It’s pretty hard to be among the 10 percent or so against Bush’s war in Afghanistan. Even though that’s 11 million of us in the U.S., the corporate media’s pro-war, pro-Bush stance can make you feel kind of lonely.

Has everyone really gone war-mad? Do the majority of people in this country and the world really think Bush’s war is going to bring justice, democracy and a good quality of life to all?

Dr. David Miller, from Scotland’s University of Stirling Media Research Institute, analyzed international public opinion polls and found that the world is against the war.

When alternatives to war – such as extradition and trial – were suggested, support for the bombings dropped markedly.

Funny thing about that – Miller found that the U.S. pollsters give little options to war.

When polls include the possibility of civilian casualties, Miller found, support for the war drops even more, including in the U.S., which was one of three countries whose majority supported the war.

Miller concludes that the most fundamental problem with the polls is that they assume the public has all the information. But the majority of the U.S. media has been distorting what is happening in Afghanistan, especially in the coverage of civilian casualties and alternatives to war.

One such story that has been kept out of the mainstream media, only being carried in alternative and non-corporate media, is of a study of the numbers of civilian casualties, conducted by Marc W. Herold, a professor of Economics, International Relations and Women’s Studies at the University of New Hampshire.

According to Herold’s study, more than 3,500 civilians have been killed in Afghanistan by U.S. bombs, and that number is climbing.

In a press release, Herold said he decided to do the study because of his concerns “that there would be significant civilian casualties caused by the bombing.” Herold tracked news agencies, major newspapers, and first-hand accounts. “I was able to find some mention of casualties in the foreign press,” he said, “but almost nothing in the U.S. press.”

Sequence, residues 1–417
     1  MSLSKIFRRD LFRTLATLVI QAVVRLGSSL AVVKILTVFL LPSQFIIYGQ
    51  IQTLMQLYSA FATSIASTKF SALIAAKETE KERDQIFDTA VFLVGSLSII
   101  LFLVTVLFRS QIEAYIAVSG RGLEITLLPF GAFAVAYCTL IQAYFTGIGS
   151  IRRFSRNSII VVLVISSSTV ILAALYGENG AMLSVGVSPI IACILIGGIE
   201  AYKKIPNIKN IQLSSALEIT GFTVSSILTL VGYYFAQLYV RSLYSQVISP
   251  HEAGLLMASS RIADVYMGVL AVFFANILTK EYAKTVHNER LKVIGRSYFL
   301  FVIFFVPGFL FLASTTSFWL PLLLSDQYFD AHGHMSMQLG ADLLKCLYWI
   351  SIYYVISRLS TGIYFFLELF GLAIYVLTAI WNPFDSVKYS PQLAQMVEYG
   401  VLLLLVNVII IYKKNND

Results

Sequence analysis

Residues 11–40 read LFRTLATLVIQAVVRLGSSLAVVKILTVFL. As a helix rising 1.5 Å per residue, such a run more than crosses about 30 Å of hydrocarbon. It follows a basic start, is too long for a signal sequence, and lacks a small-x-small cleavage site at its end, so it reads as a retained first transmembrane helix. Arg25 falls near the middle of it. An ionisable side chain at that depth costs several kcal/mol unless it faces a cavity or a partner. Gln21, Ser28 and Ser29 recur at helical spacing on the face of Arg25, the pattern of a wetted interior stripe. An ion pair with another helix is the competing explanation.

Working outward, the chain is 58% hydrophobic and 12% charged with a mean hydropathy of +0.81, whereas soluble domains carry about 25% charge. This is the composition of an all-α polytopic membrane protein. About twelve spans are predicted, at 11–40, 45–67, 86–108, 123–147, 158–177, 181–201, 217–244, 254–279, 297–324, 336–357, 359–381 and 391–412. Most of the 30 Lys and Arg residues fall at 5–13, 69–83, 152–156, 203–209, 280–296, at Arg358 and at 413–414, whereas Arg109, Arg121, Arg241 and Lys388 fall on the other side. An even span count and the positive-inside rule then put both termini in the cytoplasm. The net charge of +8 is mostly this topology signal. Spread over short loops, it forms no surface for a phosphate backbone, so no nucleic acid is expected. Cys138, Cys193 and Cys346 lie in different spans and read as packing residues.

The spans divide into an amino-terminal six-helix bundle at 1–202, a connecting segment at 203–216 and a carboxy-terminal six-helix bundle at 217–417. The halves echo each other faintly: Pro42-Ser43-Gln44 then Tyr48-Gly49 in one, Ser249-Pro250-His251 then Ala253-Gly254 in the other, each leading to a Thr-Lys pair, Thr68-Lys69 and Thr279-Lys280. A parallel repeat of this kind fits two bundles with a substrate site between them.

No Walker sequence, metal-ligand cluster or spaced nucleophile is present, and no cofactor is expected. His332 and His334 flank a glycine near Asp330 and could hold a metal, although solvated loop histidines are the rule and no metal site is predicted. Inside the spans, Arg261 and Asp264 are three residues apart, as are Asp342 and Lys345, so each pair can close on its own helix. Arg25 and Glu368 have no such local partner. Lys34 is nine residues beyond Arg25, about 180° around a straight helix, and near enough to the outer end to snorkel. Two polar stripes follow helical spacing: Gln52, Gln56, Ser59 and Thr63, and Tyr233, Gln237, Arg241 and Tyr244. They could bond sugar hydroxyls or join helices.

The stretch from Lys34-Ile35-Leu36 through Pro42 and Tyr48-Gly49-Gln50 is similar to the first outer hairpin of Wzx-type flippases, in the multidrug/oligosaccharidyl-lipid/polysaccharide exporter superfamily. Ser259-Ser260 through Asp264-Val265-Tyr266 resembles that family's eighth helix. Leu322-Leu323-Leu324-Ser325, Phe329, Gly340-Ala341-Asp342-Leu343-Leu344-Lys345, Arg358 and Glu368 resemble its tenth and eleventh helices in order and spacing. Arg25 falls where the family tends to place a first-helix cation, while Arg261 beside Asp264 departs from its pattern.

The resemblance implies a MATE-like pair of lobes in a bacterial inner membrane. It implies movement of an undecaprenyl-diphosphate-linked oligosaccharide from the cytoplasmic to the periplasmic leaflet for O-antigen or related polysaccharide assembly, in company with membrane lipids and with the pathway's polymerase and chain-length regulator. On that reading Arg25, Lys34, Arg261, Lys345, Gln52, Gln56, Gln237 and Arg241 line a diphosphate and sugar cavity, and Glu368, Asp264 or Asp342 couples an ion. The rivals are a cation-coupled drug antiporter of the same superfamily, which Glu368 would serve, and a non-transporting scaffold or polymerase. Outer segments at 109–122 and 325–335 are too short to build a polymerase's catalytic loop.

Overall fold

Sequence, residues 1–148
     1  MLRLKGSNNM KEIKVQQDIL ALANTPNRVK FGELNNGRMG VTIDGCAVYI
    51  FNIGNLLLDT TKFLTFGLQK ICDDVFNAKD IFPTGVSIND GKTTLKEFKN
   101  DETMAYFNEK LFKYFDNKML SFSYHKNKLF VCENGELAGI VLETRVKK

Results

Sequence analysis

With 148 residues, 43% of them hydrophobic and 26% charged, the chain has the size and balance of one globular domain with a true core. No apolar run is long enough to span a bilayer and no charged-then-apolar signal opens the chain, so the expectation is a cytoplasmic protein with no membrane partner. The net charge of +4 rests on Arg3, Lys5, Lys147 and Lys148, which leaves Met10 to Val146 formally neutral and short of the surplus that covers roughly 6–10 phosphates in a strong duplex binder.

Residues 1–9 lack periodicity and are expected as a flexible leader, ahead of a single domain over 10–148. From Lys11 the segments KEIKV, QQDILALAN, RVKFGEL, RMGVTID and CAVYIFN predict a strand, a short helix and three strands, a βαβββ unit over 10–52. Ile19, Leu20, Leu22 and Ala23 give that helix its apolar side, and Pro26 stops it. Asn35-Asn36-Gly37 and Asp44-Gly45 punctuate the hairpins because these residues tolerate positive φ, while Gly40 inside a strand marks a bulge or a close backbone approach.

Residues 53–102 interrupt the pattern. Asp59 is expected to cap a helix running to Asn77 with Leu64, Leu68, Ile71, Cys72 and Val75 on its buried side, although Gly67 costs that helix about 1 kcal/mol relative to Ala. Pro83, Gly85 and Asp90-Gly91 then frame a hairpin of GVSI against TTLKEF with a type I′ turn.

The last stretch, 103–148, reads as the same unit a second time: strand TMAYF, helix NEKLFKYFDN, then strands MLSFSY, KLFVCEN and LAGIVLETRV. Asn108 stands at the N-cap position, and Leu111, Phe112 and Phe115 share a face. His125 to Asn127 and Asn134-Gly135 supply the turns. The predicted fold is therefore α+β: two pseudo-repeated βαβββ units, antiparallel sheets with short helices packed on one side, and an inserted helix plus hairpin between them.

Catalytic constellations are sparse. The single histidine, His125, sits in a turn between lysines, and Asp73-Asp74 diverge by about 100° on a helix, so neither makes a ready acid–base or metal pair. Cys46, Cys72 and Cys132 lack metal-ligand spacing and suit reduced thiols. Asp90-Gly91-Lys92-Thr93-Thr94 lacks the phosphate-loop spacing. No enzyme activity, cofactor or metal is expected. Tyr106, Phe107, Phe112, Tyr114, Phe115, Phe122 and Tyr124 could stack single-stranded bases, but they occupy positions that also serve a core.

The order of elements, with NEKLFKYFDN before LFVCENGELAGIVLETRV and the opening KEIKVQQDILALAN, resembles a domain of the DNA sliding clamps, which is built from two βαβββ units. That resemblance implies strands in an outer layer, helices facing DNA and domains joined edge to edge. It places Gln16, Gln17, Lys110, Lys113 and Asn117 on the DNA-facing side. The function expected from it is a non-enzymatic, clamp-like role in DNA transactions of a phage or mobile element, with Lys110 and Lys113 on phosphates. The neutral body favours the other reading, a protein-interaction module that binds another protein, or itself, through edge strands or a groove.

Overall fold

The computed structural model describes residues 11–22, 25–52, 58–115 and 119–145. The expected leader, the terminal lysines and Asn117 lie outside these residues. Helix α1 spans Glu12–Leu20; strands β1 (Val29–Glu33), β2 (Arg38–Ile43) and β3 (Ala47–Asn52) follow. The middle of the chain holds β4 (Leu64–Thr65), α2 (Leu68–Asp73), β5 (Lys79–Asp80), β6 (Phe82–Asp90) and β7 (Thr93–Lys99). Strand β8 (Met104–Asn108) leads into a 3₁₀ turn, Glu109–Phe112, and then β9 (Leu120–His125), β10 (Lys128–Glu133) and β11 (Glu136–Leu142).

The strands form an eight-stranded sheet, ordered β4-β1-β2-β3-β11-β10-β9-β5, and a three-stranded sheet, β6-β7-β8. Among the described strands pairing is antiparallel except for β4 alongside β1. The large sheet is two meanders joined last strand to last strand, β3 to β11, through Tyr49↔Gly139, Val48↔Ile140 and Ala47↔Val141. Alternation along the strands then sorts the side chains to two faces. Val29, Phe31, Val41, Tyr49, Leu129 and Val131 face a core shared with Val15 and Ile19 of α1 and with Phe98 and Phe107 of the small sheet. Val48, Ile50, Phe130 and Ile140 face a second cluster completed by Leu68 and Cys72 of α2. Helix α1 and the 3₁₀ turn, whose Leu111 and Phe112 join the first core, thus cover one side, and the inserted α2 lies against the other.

The media, Miller said, also plays down any opposition or questioning of the Bush administration’s war policy. However, Miller’s analysis also found that sizable numbers of the U.S. population had reservations about the bombing.

There are significant numbers in the labor, civil rights and liberties, and other democratic and people’s organizations that have questions about the war policies aren’t quite willing to come out against them. The Bush administration has gone on the ideological offensive by claiming that if you are against their policies, you are helping the terrorists.

Yet some significant U.S. organizations have come out against the U.S. bombing of Afghanistan, like the 50-million-member National Council of Churches, the American Public Health Association and the Coalition of Labor Union Women. Even more have raised questions about it, like the U.S. Catholic Bishops’ Conference.

According to 100 Nobel laureates, who signed a statement on the 100th anniversary of the Nobel Prize, a vast class divide exists and “the only hope for the future lies in cooperative international action, legitimized by democracy.”